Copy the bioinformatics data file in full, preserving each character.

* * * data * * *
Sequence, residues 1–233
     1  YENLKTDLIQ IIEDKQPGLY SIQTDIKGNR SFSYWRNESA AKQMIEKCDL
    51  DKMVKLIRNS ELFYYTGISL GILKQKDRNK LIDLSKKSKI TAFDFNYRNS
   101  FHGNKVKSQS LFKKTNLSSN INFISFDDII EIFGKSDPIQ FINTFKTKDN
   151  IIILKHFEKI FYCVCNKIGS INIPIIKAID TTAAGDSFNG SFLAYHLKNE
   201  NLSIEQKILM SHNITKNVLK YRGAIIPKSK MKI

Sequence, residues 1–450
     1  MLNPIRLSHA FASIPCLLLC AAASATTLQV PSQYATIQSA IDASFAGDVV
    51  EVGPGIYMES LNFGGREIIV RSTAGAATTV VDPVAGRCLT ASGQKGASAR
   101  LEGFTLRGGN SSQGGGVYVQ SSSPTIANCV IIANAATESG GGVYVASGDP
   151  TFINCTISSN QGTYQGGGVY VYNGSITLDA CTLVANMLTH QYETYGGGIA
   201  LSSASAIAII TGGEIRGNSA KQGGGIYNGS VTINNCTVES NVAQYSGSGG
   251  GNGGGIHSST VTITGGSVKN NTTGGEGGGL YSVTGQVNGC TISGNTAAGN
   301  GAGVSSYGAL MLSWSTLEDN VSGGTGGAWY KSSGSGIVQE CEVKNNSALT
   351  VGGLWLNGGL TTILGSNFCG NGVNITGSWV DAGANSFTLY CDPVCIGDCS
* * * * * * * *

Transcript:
Sequence, residues 1–233
     1  YENLKTDLIQ IIEDKQPGLY SIQTDIKGNR SFSYWRNESA AKQMIEKCDL
    51  DKMVKLIRNS ELFYYTGISL GILKQKDRNK LIDLSKKSKI TAFDFNYRNS
   101  FHGNKVKSQS LFKKTNLSSN INFISFDDII EIFGKSDPIQ FINTFKTKDN
   151  IIILKHFEKI FYCVCNKIGS INIPIIKAID TTAAGDSFNG SFLAYHLKNE
   201  NLSIEQKILM SHNITKNVLK YRGAIIPKSK MKI

Sequence, residues 1–450
     1  MLNPIRLSHA FASIPCLLLC AAASATTLQV PSQYATIQSA IDASFAGDVV
    51  EVGPGIYMES LNFGGREIIV RSTAGAATTV VDPVAGRCLT ASGQKGASAR
   101  LEGFTLRGGN SSQGGGVYVQ SSSPTIANCV IIANAATESG GGVYVASGDP
   151  TFINCTISSN QGTYQGGGVY VYNGSITLDA CTLVANMLTH QYETYGGGIA
   201  LSSASAIAII TGGEIRGNSA KQGGGIYNGS VTINNCTVES NVAQYSGSGG
   251  GNGGGIHSST VTITGGSVKN NTTGGEGGGL YSVTGQVNGC TISGNTAAGN
   301  GAGVSSYGAL MLSWSTLEDN VSGGTGGAWY KSSGSGIVQE CEVKNNSALT
   351  VGGLWLNGGL TTILGSNFCG NGVNITGSWV DAGANSFTLY CDPVCIGDCS